The Bucs' special teams were at their swarming best for much of the 2007 season
Micheal Spurlock's historic touchdown in Week 15 may be the first highlight that comes to mind when discussing the Tampa Bay Buccaneers' special teams play in 2007, but it was only the icing on the cake in terms of the team's overall performance in the kick and return game.
The Bucs, in fact, ran one of the most proficient special teams units in the league in 2007. At least, that is, according to Rick Gosselin, an NFL columnist for The Dallas Morning News, who publishes a very detailed annual ranking of the 32 NFL teams based on their special teams play.
Gosselin ranks the teams using 22 different kicking-game categories and assigns points depending on where a team finishes in each statistic. Teams receive one point for ranking first in a category, all the way up to 32 points for finishing last.
The final tally is then totaled and the team with the lowest score is crowned by Gosselin as the best overall special teams unit in the land. Although Gosselin's yearly rankings are well-received, it is not a system the league or any of its teams use to evaluate their special teams units. However, they are still a useful tool for doing so from the outside, especially in terms of comparing one season to the next.
The Chicago Bears took the top spot in Gosselin's 2007 rankings with 236.5 points, the second consecutive year the Bears have placed No. 1 overall. It's fair to say that Devin Hester and Pro Bowl special teamer Brendon Ayanbadejo have something to do with this. In the top five, Chicago finished ahead of the San Diego Chargers (242 points), San Francisco 49ers (268.5 points) and the Buffalo Bills and Houston Texans (tied at 277.5 points). You can read Gosselin's full analysis here.
The current generation of Buccaneer teams has always placed a high priority on special teams play and have generally fared well in Gosselin's rankings. However, after the conclusion of the 2006 season, the Buccaneers found themselves ranked a disappointing 21st in the league. This came despite the team finishing No. 1 in kickoff coverage, as the Bucs limited opponents to 18.4 yards per return.
The stat that hurt the Bucs most in Gosselin's rankings in 2006 was field goals made, as the Bucs finished last in the league with 17; one could argue, however, that field goals made are just as much a product of offensive prowess and red-zone efficiency as the strength of the kicking unit. Even discounting that, Tampa Bay had ground to make up in such categories as kickoff return average and points scored and allowed.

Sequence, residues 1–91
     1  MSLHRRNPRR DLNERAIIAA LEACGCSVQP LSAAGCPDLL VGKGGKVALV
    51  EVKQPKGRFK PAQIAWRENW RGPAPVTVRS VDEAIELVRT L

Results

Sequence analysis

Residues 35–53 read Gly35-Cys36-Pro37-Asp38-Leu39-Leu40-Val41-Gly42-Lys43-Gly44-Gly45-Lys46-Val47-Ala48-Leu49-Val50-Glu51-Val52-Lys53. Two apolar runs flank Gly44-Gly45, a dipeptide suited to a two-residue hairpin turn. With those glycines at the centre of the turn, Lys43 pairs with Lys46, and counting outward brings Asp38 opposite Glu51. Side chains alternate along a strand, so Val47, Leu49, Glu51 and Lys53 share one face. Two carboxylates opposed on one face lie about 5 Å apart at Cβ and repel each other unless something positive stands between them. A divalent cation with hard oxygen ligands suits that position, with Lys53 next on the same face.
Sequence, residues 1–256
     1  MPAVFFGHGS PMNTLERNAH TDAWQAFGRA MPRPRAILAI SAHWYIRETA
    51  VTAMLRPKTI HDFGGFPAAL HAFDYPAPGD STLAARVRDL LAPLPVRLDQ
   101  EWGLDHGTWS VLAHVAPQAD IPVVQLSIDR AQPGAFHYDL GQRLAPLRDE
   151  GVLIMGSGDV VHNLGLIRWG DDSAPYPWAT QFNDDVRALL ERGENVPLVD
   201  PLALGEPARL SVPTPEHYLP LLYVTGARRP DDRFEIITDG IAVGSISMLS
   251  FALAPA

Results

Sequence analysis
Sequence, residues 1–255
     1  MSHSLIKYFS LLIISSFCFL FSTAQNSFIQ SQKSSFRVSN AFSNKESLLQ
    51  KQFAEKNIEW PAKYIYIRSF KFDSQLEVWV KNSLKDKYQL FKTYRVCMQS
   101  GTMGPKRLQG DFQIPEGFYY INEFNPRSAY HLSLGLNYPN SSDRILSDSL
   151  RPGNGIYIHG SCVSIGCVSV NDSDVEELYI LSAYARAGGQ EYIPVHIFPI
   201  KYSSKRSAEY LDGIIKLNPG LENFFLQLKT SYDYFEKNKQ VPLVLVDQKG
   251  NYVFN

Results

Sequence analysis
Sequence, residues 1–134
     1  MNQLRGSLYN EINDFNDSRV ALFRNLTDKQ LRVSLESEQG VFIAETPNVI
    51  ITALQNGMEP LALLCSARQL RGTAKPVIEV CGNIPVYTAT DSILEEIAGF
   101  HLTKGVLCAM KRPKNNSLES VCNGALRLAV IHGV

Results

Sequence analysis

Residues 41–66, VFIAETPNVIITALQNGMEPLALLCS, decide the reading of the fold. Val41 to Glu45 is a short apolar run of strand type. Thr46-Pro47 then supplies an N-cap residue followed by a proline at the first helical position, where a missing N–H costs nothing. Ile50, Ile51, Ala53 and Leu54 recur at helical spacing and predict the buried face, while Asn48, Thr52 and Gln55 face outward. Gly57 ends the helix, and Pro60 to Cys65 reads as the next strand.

And that they did. After that semi-down year in 2006, the Bucs rebounded nicely in the 2007 rankings, climbing all the way into a seventh-place tie with the Green Bay Packers with 318 points.
The team fared particularly well in covering both kickoffs and punts. Based on their opponents' yards-per-return average, the Bucs ranked second in kickoff coverage and seventh in punt coverage.
In addition, the Bucs ranked 12th in kickoff return average (boosted, of course, by Spurlock's momentous, 90-yard runback against Atlanta, the first kickoff return touchdown in franchise history), 13th in both net and gross punting average, and 10th in average opponent drive start, as the Bucs' opponents started their drives at the 26-yard line, on average, after receiving a Tampa Bay kickoff.
Perhaps the only factors that prevented the Bucs from creeping into the top five in the rankings were the team's 6.7-yard average on punt returns (a repeat of a problem in 2006), Corey Smith's block of a Josh Bidwell punt in Week Seven in Detroit and the 97-yard kickoff return for a touchdown surrendered to Houston's André Davis in Week 14.
Nonetheless, the Bucs' jump in the rankings placed them higher than any other NFC South team and in a tie for third among all NFC teams. The team's 318 total points across the 22 categories break down to an average rating of 14.45, compared to the 393.5 points and 17.89 average ranking in 2006. This means the Bucs improved, on average, by over three spots per category.
Aside from Spurlock's touchdown, the Bucs received big-time special teams contributions from a number of players. Eight different Bucs finished the 2007 campaign with double-digit special teams tackles, led by Kalvin Pearson and his 21 stops. Punter Josh Bidwell finished in the top half of the league in both gross and net punting average, and kicker Matt Bryant had his best year yet as a Buccaneer.
Bryant set career highs in field goals made (28), field goals attempted (33) and field goal percentage (84.8), a mark that very nearly broke the club record of 85.2 set by Steve Christie in 1990. Bryant was also named the NFC Special Teams Player of the Month for December after making 10 of 11 field goal tries in the month. Spurlock's big moment came in that same month, but overall it was a strong season from beginning to end for the Bucs' special teamers.